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SISTERS, FOUR LANE HIGHWAY, AND THREE BURIALS STANDOUTS AT 2005 SANTA FE FILM FEST
By Wolf Schneider

The Sisters, director Arthur Allan Seidelman’s contemporary update of Anton Chekhov’s play The Three Sisters, scooped up the Independent Spirit Award at the 6th annual Santa Fe Film Festival and proved the most in-demand film with distributors. Director Seidelman emphasized the importance of the film-festival circuit for films such as his, then promptly flew out of town while fielding bids from as many as 10 different distributors, according to festival executive director Jon Bowman. The Sisters stars Maria Bello and Erika Christensen in the heavily dramatic story of three sisters, their brother, and a fiancé.

Winning the Audience Award was Four Lane Highway, another drama, this one about four friends struggling with directionless lives, written and directed by Dylan McCormick.

Three films with distribution already in place built word-of-mouth buzz for Oscar season: Tommy Lee Jones’s The Three Burials of Melquiades Estrada, Roger Donaldson’s The World’s Fastest Indian, and Ang Lee’s Brokeback Mountain (which has been picking up Critics Awards left and right along with seven Golden Globe nominations). Brokeback screenwriters Larry McMurtry and Diana Ossana revealed they optioned Annie Proulx’s short story within a week of reading it in The New Yorker, had a script done three months later, then it took seven years to get the controversial picture made, with directors Gus Van Zant and Joel Schumacher attached to it before Lee. Closing night film The Three Burials of Melquiades Estrada, with its Cormac McCarthy-esque themes of friendship and social justice, was the standout of the festival--and possibly of 2005.

The Santa Fe Film Festival, which took place from December 8-11, 2005, showcased 220 films, including 60 features. Documentaries comprised a significant 40 percent of the program. Ticket sales were about 18,000, with 6,500 attendees, slightly down from the previous year. There were more than 1,000 submissions, slightly up.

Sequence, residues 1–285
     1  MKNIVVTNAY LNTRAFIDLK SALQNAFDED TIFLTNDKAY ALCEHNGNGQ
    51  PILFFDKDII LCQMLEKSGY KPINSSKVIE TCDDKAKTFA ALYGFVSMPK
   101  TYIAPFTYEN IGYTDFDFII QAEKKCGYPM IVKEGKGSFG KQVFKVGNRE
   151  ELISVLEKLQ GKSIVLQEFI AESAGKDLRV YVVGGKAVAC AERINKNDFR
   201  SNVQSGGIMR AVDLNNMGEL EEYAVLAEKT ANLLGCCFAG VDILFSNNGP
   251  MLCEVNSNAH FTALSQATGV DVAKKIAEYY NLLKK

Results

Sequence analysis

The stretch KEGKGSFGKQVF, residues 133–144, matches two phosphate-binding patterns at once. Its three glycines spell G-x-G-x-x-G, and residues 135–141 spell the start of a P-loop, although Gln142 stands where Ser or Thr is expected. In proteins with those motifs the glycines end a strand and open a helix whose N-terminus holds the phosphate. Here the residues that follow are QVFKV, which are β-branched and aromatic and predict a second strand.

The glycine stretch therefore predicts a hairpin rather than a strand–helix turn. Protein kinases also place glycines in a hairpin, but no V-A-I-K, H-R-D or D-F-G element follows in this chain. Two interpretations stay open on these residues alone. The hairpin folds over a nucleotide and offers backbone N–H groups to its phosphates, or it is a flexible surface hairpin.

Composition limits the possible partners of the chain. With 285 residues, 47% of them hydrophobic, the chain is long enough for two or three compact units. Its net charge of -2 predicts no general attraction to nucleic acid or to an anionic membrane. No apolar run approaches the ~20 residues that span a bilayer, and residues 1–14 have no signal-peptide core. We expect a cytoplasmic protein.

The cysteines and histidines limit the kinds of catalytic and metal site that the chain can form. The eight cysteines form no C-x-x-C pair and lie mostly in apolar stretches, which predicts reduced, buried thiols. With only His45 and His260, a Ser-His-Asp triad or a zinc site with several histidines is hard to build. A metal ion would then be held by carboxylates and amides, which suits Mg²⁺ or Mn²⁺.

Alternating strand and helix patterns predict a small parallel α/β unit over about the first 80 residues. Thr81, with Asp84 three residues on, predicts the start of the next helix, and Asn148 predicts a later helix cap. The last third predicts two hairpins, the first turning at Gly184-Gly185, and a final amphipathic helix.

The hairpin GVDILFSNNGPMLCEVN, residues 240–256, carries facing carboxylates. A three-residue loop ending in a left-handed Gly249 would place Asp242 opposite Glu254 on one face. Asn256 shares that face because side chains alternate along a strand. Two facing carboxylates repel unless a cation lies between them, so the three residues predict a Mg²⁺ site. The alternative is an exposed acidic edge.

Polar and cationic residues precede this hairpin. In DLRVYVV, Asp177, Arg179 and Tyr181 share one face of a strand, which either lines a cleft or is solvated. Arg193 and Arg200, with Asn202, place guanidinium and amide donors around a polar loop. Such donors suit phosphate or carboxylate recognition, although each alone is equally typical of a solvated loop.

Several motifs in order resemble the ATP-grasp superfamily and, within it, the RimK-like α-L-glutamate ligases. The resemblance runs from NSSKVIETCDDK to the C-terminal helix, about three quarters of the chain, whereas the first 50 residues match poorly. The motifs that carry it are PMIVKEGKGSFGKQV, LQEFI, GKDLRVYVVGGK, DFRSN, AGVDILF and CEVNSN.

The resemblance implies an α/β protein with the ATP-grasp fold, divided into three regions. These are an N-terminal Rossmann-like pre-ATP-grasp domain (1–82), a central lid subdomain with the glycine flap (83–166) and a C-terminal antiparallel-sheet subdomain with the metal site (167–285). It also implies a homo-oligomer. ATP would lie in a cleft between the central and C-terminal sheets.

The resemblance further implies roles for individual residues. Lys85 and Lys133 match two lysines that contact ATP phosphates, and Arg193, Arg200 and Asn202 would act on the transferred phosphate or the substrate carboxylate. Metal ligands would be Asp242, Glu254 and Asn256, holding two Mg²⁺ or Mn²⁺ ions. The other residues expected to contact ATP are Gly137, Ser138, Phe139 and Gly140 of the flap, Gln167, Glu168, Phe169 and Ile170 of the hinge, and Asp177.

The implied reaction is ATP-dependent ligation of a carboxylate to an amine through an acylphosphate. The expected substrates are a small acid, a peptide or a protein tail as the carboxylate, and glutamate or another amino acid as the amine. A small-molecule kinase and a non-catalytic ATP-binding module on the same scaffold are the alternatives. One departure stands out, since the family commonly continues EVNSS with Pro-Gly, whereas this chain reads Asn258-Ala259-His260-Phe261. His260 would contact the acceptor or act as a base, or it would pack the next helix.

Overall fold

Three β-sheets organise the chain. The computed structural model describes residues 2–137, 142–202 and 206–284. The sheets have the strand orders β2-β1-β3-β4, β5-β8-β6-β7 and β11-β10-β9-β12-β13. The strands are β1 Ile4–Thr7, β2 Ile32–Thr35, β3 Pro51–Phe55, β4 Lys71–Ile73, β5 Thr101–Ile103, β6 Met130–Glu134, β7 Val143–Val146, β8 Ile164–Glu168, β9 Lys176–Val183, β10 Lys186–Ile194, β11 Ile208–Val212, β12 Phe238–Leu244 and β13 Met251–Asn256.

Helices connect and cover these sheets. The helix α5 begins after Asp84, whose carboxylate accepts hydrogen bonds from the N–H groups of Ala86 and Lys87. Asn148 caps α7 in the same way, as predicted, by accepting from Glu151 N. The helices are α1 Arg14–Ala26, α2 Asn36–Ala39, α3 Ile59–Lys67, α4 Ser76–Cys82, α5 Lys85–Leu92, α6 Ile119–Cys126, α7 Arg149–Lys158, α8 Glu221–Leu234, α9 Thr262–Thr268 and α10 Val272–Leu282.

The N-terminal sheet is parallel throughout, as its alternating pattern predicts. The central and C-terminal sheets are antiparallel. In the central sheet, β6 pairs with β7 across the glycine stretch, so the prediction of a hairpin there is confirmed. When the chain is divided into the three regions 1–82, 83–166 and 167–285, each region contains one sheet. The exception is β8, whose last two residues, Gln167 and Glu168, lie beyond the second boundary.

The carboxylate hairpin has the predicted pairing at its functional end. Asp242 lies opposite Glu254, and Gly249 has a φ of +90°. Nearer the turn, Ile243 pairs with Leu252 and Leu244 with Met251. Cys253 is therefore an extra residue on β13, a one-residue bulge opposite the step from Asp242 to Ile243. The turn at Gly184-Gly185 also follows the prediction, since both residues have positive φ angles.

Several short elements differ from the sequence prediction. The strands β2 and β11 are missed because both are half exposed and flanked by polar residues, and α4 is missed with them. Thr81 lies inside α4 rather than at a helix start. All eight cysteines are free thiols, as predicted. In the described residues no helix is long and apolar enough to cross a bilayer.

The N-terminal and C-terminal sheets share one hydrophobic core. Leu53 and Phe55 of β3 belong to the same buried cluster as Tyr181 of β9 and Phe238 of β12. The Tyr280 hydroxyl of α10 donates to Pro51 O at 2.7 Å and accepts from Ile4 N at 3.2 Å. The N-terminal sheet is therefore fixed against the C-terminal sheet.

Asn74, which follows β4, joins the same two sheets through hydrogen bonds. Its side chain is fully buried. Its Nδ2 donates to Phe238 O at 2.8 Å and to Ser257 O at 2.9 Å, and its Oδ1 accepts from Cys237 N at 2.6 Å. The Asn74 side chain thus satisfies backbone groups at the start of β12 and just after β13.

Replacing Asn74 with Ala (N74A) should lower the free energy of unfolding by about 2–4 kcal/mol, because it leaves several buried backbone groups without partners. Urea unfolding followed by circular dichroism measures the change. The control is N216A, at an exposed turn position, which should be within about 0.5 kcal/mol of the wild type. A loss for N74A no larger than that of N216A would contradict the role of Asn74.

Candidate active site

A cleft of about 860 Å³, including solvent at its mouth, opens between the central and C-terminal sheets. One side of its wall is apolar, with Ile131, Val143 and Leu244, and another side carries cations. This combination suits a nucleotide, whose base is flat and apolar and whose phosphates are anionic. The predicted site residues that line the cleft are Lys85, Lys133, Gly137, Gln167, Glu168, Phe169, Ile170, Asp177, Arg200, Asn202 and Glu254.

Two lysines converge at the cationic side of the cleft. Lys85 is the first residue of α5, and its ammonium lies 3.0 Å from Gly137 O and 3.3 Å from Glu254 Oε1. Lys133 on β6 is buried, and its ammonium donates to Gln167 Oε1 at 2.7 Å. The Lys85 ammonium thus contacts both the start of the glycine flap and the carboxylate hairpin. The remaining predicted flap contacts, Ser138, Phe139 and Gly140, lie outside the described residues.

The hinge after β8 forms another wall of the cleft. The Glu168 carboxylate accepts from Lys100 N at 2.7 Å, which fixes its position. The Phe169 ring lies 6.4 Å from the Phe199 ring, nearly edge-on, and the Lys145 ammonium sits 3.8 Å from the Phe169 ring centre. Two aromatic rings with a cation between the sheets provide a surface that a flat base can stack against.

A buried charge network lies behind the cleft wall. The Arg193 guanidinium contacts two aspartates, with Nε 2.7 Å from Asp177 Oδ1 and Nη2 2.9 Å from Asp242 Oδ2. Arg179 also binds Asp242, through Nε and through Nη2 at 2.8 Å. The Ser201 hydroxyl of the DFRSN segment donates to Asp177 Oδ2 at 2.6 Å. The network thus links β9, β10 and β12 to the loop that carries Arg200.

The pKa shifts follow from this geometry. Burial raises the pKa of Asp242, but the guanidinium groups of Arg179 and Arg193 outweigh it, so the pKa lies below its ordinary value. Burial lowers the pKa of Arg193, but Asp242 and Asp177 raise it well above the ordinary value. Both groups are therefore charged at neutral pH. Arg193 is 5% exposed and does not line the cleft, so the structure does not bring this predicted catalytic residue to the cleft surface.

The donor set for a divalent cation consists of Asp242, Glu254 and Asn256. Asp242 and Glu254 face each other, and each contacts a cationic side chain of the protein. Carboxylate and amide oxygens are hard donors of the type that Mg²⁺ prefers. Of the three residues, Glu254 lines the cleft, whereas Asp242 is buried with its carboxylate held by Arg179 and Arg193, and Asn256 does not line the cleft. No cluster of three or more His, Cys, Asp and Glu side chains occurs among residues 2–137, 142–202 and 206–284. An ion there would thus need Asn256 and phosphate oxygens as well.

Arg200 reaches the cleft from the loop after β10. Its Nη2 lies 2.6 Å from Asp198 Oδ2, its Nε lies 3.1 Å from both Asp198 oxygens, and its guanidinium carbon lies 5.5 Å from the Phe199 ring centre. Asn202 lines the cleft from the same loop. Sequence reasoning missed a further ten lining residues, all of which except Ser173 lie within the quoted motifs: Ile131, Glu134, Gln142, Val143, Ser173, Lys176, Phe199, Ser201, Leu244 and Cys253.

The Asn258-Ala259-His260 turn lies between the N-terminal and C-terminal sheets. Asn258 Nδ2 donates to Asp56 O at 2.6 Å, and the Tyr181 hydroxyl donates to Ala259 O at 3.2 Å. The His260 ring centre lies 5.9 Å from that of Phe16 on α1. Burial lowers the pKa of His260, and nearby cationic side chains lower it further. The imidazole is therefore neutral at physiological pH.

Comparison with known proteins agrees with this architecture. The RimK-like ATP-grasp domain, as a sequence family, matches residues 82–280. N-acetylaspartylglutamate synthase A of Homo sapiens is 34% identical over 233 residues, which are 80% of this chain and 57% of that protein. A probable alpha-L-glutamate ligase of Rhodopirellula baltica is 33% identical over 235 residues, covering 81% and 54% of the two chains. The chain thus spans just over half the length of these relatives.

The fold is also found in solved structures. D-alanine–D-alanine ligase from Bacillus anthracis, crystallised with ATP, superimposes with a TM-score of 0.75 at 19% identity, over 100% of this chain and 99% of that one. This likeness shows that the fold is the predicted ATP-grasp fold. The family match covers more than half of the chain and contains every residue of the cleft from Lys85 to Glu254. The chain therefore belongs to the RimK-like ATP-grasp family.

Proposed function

A handful of documentaries gained momentum at the festival, most notably Shakespeare Behind Bars, a film of redemption focusing on inmates of a medium-security prison who mount a Shakespeare play, which will be distributed theatrically by International Film Circuit in March 2006 and on DVD by Shout! Factory, according to producer Jilann Spitzmiller; High Ambitions in the Himalaya, about a mountain-climbing expedition, which is fielding an offer from Santa Fe-based Zia Film Distribution; and documentary Dirt, about a season of dirt-car racing at the Devil’s Bowl Speedway in Mesquite, Texas, which, according to director-producer Jeff Bowden, has attracted interest from HBO/Cinemax, Spike TV, CS Associates from Boston, and NASCAR.

Industry attendees included Joe Matukewicz of Paramount Classics, Kent Cubena from 2929 Productions, Dylan Wilcox from Focus Features, and Richard Brandt, longtime chairman of Trans-Lux Theatres.

The festival dawned with frigid three-degree temperatures, but the visiting filmmakers weren’t daunted. Screenwriter L.M. Kit Carson of Paris, Texas fame, who was tributed with a lifetime achievement award, observed, ?It?s a very moving film festival. This is a moving place, Santa Fe, it feels like it?s open to the spirit. That doesn?t happen at every film festival.?

According to festival executive director Bowman, “There were overall more documentaries this year, and a number of documentaries with a comic edge, and more romantic comedies in the program.” Bowman revealed a deal with the soon-to-debut Documentary Channel to air four to six documentaries from the SFFF slate.

Other winners and categories included The Syrian Bride, Best of the Fest; Cowboy Del Amor, Best Documentary; The Hunter, Best Indigenous Film; English as a Second Language, Best Latino Film; Self Medicated, Best Southwest Film; and Fall to Grace, Best Screenplay.


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